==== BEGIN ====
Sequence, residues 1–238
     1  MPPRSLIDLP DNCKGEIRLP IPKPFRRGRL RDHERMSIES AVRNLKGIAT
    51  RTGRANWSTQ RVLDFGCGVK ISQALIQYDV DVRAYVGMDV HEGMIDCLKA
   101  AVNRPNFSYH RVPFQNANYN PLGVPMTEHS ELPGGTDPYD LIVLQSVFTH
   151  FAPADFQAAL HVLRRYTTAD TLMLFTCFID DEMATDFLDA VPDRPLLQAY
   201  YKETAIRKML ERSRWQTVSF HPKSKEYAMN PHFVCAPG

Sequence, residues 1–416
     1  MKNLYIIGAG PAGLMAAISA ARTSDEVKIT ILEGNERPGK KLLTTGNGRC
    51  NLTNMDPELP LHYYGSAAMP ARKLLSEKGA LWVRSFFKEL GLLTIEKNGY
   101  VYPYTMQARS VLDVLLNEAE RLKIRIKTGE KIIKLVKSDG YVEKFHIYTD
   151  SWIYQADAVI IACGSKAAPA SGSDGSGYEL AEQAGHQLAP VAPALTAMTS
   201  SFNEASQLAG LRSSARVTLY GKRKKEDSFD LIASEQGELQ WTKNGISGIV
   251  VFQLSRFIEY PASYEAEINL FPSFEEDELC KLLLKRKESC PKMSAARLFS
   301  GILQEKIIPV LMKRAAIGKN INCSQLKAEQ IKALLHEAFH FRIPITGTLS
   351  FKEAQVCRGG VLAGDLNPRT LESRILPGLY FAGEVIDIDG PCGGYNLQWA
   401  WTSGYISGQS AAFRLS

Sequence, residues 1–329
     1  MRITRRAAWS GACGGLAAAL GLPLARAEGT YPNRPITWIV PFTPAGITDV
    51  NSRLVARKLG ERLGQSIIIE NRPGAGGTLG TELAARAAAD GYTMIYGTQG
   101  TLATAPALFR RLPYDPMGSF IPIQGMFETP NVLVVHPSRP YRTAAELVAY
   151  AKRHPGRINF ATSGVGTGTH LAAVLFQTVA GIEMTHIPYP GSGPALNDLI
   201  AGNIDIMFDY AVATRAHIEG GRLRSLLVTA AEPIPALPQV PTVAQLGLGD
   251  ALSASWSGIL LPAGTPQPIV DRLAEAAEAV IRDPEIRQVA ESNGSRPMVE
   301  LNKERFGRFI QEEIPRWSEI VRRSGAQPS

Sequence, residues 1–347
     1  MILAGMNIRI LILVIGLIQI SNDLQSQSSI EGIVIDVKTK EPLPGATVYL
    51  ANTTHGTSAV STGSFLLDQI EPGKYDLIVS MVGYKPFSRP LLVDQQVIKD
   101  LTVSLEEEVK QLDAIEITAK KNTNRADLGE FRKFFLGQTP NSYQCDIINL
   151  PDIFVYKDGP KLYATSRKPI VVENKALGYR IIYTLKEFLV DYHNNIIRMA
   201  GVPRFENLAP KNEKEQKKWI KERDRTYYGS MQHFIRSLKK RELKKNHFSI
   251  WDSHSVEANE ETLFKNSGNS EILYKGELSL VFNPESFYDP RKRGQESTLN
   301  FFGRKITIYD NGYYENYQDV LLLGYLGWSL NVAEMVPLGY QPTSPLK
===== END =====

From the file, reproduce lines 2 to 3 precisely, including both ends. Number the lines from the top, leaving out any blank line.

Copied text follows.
     1  MPPRSLIDLP DNCKGEIRLP IPKPFRRGRL RDHERMSIES AVRNLKGIAT
    51  RTGRANWSTQ RVLDFGCGVK ISQALIQYDV DVRAYVGMDV HEGMIDCLKA